For the grouping of all diseases other than neoplasms, table 2 shows that mortality rates were similar among participants and controls and were significantly lower than national rates, both in the previous analysis and in the additional follow up period. For the grouping of all accidents and violence, mortality among participants and controls was comparable in both periods, and was consistent with national rates during 1991–98. For many specific causes other than neoplasms, including diseases related to smoking, mortality among both test participants and controls was significantly lower than or consistent with national rates, and rates were generally similar among participants and controls.9 However, SMRs were raised significantly to a similar extent among both participants and controls for diseases related to alcohol and for air accidents. Also, there was some evidence of raised mortality for a category of “other injury and poisoning” among participants relative to controls (RR 1.24, 90% CI 0.99 to 1.56) and to national rates (SMR 126). Further examination showed that this finding could not be explained solely on the basis of one or two specific causes of death, and there was no indication of a raised risk during the additional period of follow up (table 2).

Mortality and cancer incidence in test participants by type and degree of exposure

(Note: Supplementary material relevant to this section is available on the OEM website.)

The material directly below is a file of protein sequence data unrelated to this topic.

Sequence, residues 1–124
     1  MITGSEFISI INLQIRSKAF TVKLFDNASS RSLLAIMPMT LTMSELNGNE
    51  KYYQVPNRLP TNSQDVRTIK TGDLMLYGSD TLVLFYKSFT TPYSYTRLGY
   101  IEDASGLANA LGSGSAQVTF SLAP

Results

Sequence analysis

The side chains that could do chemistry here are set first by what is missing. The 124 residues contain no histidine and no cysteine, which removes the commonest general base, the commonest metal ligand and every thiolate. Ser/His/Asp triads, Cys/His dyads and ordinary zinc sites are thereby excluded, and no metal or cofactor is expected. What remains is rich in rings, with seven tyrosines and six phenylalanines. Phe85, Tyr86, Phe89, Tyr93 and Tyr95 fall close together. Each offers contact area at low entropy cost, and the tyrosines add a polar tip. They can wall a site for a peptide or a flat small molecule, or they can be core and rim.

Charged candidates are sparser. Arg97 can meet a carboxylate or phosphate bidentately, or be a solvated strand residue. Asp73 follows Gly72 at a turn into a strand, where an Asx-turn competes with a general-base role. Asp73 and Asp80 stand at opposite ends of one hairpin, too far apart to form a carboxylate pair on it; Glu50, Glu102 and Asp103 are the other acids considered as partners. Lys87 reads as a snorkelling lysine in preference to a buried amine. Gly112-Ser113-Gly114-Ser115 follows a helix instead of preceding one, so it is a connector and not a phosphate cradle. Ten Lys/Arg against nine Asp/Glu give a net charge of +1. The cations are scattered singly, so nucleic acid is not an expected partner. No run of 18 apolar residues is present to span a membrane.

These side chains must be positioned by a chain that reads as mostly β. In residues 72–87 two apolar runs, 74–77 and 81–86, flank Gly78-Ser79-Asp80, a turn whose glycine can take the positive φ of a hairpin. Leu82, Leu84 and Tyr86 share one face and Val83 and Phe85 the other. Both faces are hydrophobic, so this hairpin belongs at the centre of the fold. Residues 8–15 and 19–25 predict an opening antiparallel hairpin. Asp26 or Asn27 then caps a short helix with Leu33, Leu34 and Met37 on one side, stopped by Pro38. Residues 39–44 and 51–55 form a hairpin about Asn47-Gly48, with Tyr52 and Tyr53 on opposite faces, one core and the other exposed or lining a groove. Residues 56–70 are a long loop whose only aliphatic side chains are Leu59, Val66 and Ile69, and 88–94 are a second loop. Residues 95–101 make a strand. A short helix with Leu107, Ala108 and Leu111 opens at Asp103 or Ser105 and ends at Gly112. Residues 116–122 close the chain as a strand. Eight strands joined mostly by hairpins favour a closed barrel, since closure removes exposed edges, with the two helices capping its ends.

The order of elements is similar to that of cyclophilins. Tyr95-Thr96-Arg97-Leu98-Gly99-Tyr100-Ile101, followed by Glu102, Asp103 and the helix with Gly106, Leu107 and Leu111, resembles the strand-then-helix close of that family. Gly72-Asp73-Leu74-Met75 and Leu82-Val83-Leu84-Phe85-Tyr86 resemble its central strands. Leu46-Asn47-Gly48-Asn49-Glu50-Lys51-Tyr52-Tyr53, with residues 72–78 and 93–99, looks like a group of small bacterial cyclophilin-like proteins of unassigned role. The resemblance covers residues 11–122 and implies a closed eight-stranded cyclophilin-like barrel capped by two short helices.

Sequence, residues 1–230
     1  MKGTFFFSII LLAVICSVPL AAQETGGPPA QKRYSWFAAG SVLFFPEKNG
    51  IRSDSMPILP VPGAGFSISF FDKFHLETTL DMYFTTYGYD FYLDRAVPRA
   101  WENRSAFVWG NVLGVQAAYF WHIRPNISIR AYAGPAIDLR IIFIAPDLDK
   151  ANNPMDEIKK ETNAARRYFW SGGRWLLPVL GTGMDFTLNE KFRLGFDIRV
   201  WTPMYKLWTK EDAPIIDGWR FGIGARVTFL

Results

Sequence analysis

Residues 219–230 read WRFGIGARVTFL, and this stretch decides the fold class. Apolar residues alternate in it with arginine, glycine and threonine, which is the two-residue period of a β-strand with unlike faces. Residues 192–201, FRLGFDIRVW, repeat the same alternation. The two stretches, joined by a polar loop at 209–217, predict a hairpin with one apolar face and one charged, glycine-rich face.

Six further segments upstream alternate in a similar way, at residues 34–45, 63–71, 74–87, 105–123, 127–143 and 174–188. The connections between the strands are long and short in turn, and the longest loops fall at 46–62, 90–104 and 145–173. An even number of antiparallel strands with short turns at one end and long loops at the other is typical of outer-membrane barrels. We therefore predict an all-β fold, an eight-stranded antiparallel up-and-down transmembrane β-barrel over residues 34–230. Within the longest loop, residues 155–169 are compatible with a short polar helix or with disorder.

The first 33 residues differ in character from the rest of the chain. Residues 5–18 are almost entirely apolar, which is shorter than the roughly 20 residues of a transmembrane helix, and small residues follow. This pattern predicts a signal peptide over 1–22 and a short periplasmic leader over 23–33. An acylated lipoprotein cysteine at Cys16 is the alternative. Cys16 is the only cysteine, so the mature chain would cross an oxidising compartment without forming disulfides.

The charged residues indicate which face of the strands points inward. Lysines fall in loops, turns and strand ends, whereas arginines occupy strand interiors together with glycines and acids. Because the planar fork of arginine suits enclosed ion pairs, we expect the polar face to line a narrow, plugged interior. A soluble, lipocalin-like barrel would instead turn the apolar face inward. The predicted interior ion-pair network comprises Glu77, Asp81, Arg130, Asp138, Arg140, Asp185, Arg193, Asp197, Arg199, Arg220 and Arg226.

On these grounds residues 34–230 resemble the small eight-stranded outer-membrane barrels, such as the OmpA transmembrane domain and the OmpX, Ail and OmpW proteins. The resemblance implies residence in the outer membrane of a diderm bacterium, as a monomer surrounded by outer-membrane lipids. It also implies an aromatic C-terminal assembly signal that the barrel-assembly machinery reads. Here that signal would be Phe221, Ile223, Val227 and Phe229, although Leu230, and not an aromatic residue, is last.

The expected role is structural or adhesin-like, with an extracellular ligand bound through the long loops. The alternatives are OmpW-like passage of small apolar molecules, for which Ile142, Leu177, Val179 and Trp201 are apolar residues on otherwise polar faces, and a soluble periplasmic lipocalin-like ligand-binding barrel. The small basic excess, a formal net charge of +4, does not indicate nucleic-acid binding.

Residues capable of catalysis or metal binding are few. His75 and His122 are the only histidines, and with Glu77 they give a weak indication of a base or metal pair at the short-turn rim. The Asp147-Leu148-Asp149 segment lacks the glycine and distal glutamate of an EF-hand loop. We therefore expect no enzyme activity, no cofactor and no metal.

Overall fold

Among test participants known to have been monitored for exposure to radiation, leukaemia mortality was similar to national rates, irrespective of whether or not a non-zero gamma dose had been recorded. There was also no indication of an increasing trend in leukaemia risk with increasing dose, either for mortality or incidence, although the numbers of cases were small. Multiple myeloma mortality was, if anything, raised relative to national rates among participants with a recorded gamma dose, and decreased among monitored participants with no recorded dose (SMRs of 210 and 24 respectively, based on a 10 year lag); the associated RR was 16 (90% CI 1.74 to 314), one sided p = 0.009, two sided p = 0.01. In the corresponding incidence data, the evidence for a raised myeloma risk among those with a recorded dose compared to monitored participants with no recorded dose was weaker (RR 4.91 (90% CI 0.94 to 26.8), one sided p = 0.057, two sided p = 0.08). Results based on the wider definition of multiple myeloma were identical. There was weak evidence of an increasing trend in multiple myeloma mortality with increasing gamma dose (p = 0.094, based on a one sided test), with slightly weaker evidence of an increasing trend for myeloma incidence (p = 0.12). For the grouping of all cancers other than myeloma and leukaemia, analyses of mortality and incidence by the level of recorded gamma dose showed no significant trends in the risk, although the statistical precision was low.